• COVID-19 Housing Protections: Mortgage Forbearance and Other Federal Efforts Have Reduced Default and Foreclosure Risks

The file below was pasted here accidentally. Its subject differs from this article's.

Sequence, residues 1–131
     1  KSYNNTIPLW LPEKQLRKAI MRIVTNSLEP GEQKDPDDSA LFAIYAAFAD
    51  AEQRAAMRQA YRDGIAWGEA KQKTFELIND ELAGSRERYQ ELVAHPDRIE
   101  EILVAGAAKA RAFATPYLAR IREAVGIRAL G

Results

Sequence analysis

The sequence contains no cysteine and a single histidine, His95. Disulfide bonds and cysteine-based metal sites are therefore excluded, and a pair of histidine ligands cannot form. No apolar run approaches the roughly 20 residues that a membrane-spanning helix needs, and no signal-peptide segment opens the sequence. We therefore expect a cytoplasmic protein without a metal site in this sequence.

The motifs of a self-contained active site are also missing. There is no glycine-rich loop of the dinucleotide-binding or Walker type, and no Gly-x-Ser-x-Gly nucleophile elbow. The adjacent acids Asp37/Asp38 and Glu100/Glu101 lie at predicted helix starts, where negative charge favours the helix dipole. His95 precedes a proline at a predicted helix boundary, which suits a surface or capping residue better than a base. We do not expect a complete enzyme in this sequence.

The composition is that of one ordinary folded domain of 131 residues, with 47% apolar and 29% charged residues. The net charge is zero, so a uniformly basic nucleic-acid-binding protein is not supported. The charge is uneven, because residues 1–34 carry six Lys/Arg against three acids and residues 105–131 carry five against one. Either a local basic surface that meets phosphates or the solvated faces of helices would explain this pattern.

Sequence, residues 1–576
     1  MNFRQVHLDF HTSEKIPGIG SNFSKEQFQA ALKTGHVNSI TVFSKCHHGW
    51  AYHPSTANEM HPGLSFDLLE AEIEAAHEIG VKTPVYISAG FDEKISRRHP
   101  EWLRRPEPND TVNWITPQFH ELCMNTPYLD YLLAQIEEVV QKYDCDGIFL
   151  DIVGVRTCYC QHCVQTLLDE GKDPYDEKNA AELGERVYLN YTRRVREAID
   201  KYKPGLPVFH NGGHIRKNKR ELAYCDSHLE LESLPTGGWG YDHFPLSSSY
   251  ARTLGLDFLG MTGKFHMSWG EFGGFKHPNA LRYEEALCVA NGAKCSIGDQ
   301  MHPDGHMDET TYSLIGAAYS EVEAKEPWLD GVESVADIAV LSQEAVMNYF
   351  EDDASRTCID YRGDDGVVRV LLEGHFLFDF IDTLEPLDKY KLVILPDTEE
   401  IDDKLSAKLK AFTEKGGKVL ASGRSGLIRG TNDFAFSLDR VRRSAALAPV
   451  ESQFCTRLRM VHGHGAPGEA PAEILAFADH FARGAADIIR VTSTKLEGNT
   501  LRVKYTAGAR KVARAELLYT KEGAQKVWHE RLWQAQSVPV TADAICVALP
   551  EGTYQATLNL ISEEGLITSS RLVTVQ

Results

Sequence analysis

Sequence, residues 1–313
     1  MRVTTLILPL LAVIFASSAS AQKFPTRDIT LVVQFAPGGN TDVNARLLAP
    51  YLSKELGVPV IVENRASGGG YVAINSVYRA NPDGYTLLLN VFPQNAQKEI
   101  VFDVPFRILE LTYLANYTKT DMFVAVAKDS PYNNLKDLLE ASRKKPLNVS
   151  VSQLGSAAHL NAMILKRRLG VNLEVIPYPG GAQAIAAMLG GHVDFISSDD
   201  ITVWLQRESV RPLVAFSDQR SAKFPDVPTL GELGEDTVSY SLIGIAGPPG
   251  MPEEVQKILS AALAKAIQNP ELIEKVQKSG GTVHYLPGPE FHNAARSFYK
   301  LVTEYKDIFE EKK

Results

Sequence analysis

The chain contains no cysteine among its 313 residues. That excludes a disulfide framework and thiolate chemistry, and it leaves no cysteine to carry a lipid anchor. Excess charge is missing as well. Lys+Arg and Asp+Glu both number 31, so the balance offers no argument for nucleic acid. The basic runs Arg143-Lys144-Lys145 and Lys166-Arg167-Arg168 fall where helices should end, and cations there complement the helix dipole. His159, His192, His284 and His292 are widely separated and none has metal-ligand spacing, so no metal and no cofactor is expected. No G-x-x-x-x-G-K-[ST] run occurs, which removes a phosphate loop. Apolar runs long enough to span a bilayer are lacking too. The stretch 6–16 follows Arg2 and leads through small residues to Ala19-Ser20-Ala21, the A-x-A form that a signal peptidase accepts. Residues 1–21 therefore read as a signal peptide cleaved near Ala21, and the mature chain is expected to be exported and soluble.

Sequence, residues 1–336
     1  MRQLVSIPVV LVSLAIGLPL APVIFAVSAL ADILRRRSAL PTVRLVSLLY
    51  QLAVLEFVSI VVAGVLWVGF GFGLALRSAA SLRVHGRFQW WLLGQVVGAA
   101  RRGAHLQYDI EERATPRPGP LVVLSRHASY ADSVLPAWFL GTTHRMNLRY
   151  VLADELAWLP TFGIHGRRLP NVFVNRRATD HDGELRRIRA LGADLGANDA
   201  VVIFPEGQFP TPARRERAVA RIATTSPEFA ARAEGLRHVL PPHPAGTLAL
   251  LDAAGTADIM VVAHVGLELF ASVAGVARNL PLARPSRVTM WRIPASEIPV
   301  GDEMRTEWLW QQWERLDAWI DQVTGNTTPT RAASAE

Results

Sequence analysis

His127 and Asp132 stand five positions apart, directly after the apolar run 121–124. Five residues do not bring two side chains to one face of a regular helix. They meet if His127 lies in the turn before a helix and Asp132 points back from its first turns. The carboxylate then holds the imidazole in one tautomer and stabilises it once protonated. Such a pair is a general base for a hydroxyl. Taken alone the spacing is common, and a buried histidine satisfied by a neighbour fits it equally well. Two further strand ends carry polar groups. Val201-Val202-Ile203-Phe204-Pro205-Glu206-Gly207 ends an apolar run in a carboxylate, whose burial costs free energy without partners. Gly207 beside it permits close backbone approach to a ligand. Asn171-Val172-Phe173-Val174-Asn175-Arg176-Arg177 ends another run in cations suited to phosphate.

In U.S GAO News